The list didn't end there for Z-Trip. "Rage Against the Machine. Last Poets. Consolidated was a huge group for me in my college days. All these people. Anything that had a message of protest or a vibe to it I found myself connected because it was empowering. I felt like there was someone else who felt the same way I did and I would get a little bit of knowledge," said the legendary DJ.
Z-Trip made it clear that he is a man who will fight for equality even if it might mean losing petty people along the way. He explained, "Going to those shows, I would be surrounded by people who felt the same way I felt. It is important to be able to say something and not be like, 'Oh well, I may lose some sales.' Chances are, those are people you wouldn't want to fuck with anyway."
The political DJ then shared his thoughts on the current United States administration and didn't hold back. "I'm an all-inclusive person but at the same time, I don't know how anybody could be pro-Trump at this point. You know what I mean? Let's talk about that for a minute. I don't even know how that's possible," Z-Trip stated. He continued, "If I disagree with that person, we don't have to agree on anything. If we agree on music, that's one thing. If we don't agree on politics that's fine too, but I'm not going to not say something."
After spitting truth, Z-Trip wanted to talk about how he met the iconic LL Cool J. He told iEDM, "We linked up. There was a guy who was looking for us to do a TV show for him. The idea was for LL to host and for me to DJ. We took a meeting. It was the first time I met him. We took a couple of meetings after that." Z-Trip elaborated, "In that process, my manager, at the time, suggested that he come and do a guest spot at the show I was doing at South by Southwest. He agreed so he came out. We met up a couple of times at a rehearsal studio before that and we just really clicked."
It was an immediate match made in heaven. "We really vibed and felt like there was this good energy between us. We went out and did the show and it was amazing. He and I both realized that we had to do more of this. It just kind of snowballed. 15 minutes turned into 30 minutes. Then it went an hour. Then an hour and a half. Each time, this show keeps progressing," Z-Trip shared with iEDM. He valiantly continued, "This show keeps evolving which is the thing I love about it. It's a real DJ and MC doing it. I'm up there with turntables really doing it. If the needle skips or fucks up, we are still dancing on that wire. I like that. I like the idea of knowing that."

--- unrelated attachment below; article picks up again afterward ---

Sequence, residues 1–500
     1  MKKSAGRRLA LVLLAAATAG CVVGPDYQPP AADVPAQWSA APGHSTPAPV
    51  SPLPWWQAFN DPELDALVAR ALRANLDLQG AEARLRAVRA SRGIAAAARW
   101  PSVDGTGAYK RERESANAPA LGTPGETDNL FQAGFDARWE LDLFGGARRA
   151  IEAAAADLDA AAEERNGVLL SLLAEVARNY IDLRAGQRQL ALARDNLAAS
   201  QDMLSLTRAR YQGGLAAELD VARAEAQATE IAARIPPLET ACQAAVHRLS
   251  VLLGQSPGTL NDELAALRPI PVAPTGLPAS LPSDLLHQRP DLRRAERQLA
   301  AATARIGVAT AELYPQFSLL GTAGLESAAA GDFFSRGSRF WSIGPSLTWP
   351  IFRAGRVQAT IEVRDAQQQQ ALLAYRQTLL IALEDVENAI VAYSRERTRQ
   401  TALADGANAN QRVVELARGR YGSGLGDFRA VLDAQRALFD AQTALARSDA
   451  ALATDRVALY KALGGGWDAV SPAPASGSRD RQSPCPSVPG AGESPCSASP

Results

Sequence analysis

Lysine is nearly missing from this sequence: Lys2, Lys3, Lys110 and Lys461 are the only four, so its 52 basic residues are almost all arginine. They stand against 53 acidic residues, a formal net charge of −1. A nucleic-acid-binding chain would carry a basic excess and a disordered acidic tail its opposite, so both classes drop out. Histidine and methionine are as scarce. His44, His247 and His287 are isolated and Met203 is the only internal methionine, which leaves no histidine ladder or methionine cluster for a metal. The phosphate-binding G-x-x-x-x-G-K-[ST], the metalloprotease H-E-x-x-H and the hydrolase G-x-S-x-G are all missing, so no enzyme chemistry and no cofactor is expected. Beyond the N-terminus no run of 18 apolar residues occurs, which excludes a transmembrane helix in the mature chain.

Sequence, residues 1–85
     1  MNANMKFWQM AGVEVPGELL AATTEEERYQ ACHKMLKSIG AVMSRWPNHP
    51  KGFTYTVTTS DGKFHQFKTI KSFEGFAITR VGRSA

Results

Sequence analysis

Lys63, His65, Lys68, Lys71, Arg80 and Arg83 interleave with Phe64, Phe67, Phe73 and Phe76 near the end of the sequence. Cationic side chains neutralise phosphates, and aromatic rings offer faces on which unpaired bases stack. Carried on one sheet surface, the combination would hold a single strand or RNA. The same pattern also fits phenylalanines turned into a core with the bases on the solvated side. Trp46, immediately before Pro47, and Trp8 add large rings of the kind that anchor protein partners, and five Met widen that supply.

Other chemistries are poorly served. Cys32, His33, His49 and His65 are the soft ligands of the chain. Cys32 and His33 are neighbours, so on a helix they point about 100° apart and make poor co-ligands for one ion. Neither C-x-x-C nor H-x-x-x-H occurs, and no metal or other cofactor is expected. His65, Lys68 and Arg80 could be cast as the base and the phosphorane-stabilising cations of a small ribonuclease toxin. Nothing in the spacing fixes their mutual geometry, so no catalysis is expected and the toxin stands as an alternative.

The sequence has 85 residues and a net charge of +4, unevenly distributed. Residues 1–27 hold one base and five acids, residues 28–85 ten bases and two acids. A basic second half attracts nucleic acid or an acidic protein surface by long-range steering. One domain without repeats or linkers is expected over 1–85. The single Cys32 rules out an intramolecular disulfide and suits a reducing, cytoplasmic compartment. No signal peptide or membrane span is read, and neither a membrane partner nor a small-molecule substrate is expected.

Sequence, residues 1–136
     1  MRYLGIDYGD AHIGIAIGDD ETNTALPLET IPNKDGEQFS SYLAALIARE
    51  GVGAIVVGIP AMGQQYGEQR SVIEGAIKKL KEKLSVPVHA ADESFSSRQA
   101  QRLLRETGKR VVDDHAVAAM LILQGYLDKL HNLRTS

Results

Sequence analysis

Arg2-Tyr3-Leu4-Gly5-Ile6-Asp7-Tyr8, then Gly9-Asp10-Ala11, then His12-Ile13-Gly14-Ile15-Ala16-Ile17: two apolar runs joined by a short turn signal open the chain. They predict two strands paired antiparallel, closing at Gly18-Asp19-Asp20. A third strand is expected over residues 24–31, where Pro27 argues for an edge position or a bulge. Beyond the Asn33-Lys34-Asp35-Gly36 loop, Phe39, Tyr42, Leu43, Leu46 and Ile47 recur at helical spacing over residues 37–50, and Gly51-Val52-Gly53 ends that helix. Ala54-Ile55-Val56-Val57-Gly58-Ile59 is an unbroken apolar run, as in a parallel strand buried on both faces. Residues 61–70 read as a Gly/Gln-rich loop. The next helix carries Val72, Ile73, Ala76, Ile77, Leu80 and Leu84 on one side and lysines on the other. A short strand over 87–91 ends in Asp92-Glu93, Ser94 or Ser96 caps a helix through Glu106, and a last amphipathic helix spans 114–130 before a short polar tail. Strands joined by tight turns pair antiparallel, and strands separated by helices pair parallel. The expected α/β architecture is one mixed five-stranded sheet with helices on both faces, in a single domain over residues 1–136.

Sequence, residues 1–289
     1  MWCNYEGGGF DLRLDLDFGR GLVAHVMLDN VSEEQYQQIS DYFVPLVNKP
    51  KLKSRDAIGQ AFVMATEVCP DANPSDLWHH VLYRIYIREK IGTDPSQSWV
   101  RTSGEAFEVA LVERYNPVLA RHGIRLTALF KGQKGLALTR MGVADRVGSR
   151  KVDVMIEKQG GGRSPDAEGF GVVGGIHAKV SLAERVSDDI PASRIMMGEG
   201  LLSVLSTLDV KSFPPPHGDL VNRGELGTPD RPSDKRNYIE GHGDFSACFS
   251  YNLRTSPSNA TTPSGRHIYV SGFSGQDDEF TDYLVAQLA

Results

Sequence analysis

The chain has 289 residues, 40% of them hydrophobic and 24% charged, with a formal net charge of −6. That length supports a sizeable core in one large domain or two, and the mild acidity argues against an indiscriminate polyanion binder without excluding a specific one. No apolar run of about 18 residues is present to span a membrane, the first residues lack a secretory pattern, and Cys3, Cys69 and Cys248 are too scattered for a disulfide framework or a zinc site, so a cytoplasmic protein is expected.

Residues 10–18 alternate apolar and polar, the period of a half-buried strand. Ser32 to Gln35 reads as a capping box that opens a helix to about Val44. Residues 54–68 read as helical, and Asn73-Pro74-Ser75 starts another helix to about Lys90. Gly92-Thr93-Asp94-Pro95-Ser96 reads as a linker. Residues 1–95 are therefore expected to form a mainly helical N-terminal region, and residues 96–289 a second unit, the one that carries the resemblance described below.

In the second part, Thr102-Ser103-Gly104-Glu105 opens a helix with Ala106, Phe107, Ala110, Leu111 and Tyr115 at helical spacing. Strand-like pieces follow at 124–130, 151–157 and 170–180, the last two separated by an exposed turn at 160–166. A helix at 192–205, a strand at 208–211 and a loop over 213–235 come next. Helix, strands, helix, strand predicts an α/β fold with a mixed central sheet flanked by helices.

Z-Trip then took a few minutes to go back in time to discuss his breakthrough moment. "It's interesting. A lot of people may or may not know, when I first jumped on the scene, it was through the whole mash-up thing. I had a mix album that I did with DJ P that was called Uneasy Listening. That sort of opened up the door. Then I got signed and did my first album called Shifting Gears," said the DJ.
After that, Z-Trip continued to turn out more quality music over the years. It was during this time that he began to realize that the landscape of the game started to change. "I still kind of put out albums and mix records and everything, but I took a break from just releasing music for a minute up until now. I have three or four different projects that I'm messing with now. There was a moment there where I felt that DJing was getting so saturated," Z-Trip stated. He isn't the type of guy who is going to sellout to the establishment to make some extra cash. "I'm not really trying to add to the noise. It's nice now. I feel that the noise is turned down a little bit and the bubble has sort of burst in a certain regard where you don't have to be up there dancing around, jumping up and down, cheerleading. You can actually have skills and people would appreciate it."
Z-Trip compared the hysteria to a genre of the past. "There was a moment where people were just getting hip to what DJs were. So...I let that run for a second. Kind of like disco. There was a moment in disco where everyone was like, 'Disco!' You just had to take a minute and let it breathe. I feel like the things I'm about to put out now are very rooted into real creativity and skills and real DJing," he stated. Z-Trip followed up with, "I'm going to try to push the boundaries and not sound like everybody else. It's nice 'cause these are things that are happening at the top of next year. Keep an eye out because next year is going to be the year."
The resilient DJ made it clear. Being a person who has survived in the music industry for three decades, he knows what it takes to get the job done right. "30 years I've been doing this. It's not about trying to compete with the young kids coming up but to push art and put out creative things weather they fly or do. I'm just trying to get all of these creative ideas out of my system before I pass on," said Z-Trip.
2018 is going to be an interesting year for Z-Trip. Before enjoying the rest of his night, he hinted to music fans that he is ready to rock the boat one more time. "I think you'll dig what I'm doing. Basically my whole approach was, 'What is everybody doing right now? What can I do that is the opposite of that?' That's what Uneasy Listening was at the time. It was the complete opposite of what was going on. I've got a couple more of those angles left in me," Z-Trip grinned.
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Banner photo provided by Steve Dykes Photography.